Explanation for the XPS M1330 delays, Part II

Following customer complaints, Dell releases more information on the delayed product, this time saying color is partly to blame for delays in the new notebook.

Sometimes sequels are better than the original.

Dell tried again to explain to its customers why the fancy new XPS M1330 notebook they ordered has been delayed . A follow-up to Tuesday's entry was posted to its official Direct2Dell blog Friday afternoon. Judging by the comments on Dell's posting earlier in the week, customers were, well, less than impressed by the company's first try at an explanation.

If you ordered a Crimson Red M1330, expect delays. CNET Networks

Dell gives considerably more information this time around. A big reason for the delays? Dust particles in the paint. Specifically, if you wanted your laptop slathered in Crimson Red or Pearl White, expect to wait longer than your compadres that chose Tuxedo Black. Apparently this problem was only noticeable as Dell ramped up production in larger volumes. So says Alex Gruzen, senior vice president of the consumer product group, in the posting:

"There was no problem painting hundreds at a time. But as we increased the volume, otherwise manageable factors like dust contamination caused our successful yields to decrease. Adding to the complexity, the Crimson Red and the Pearl White colors require more coats of paint and more touches to create the finished product--that means there is more opportunity for dust contamination."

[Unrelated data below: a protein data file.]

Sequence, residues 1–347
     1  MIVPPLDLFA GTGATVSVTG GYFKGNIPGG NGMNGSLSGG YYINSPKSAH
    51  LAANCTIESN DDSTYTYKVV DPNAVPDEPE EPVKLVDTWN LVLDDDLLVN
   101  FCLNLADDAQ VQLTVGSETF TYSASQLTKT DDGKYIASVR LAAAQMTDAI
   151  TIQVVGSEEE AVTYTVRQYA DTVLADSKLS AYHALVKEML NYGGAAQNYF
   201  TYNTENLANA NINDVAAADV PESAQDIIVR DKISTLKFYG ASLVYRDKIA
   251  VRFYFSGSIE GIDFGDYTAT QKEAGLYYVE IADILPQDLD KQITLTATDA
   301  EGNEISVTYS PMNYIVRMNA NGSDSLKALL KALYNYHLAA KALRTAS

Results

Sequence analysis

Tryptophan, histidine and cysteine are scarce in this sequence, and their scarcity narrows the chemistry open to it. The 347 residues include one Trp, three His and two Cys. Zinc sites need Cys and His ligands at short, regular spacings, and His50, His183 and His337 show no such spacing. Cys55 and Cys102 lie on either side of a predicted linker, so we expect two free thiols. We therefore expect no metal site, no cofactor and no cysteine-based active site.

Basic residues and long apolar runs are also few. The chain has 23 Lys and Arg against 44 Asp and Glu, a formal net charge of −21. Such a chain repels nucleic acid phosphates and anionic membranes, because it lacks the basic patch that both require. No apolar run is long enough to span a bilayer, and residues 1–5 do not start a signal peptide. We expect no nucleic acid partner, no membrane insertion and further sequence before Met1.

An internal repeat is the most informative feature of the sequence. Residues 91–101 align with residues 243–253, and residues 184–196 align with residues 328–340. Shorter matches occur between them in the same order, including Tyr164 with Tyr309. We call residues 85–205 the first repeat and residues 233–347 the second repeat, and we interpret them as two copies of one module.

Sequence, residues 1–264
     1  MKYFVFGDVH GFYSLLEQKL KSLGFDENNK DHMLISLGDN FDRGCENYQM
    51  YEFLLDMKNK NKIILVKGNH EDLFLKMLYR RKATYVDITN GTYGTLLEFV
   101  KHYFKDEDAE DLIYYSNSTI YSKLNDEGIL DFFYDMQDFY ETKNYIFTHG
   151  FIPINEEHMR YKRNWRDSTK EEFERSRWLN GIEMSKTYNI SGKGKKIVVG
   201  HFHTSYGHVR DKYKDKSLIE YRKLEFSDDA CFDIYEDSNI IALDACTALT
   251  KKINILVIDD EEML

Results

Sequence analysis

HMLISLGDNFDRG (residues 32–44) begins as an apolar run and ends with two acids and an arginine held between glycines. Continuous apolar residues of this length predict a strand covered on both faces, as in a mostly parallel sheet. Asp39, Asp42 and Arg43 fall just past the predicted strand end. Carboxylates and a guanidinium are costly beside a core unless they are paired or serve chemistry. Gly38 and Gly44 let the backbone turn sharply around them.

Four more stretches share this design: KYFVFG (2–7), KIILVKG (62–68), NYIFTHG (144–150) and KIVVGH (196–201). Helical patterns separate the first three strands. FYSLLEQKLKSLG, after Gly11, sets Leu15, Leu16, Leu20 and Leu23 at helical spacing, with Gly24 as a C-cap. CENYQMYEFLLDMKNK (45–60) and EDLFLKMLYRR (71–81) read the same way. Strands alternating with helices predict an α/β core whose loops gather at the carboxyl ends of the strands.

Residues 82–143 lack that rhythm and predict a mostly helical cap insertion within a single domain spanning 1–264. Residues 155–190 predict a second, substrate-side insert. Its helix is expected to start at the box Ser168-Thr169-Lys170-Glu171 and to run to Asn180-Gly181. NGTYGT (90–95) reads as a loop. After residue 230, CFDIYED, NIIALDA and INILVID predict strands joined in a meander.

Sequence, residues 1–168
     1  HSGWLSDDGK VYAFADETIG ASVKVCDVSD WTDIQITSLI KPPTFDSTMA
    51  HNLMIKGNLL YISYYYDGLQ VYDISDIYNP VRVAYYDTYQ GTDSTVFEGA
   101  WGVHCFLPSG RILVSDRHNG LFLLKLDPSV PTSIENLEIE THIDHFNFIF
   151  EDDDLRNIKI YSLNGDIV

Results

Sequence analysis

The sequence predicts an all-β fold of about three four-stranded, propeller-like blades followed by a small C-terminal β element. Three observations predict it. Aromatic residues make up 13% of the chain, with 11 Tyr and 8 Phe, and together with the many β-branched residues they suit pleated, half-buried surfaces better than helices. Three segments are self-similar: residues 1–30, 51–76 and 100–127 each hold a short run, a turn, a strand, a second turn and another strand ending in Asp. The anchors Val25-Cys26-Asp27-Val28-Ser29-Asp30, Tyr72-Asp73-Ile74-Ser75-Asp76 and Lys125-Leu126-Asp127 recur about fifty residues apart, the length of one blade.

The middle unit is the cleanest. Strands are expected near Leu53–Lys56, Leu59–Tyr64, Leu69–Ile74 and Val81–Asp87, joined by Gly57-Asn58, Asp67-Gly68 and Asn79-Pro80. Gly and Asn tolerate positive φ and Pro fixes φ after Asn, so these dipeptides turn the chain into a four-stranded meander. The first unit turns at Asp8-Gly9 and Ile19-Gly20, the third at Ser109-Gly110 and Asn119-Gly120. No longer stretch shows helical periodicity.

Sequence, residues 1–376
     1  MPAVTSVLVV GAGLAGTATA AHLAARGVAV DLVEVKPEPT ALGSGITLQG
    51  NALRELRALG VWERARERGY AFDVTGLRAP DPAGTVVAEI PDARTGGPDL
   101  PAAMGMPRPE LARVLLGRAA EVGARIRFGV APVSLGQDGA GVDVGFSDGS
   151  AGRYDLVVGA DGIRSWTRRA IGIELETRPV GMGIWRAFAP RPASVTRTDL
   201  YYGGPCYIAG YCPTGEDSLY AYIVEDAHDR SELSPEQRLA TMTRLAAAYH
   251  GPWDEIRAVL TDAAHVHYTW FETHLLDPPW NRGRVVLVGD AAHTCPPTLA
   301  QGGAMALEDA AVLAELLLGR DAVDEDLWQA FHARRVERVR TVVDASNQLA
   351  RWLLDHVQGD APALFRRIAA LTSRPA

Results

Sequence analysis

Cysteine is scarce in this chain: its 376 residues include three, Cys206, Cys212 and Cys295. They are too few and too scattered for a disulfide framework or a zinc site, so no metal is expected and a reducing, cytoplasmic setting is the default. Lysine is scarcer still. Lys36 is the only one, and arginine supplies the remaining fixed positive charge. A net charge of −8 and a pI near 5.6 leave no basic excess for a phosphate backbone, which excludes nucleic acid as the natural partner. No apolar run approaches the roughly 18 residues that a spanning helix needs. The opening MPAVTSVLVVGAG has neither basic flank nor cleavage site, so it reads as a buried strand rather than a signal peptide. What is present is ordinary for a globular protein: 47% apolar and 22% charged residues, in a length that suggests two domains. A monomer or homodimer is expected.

I'm not sure what that means. Because more units were being painted there was more dust? I put in a call to Dell, but it's late on a Friday in Texas where the company has its headquarters, so I'll update this blog if I hear back. At any rate, Dell has killed the Pearl White option on the M1330 from here on out as a result, according to Gruzen. He also blamed delays on unexpected parts shortages, specifically LED-backlit LCD screens.

For now, Dell has worked through 10 percent of its backlog, and if your order is delayed for some previously unforeseen reason, Gruzen says a Dell service rep should be phoning you shortly.

About the author

Erica Ogg is a CNET News reporter who covers Apple, HP, Dell, and other PC makers, as well as the consumer electronics industry. She's also one of the hosts of CNET News' Daily Podcast. In her non-work life, she's a history geek, a loyal Dodgers fan, and a mac-and-cheese connoisseur.

 

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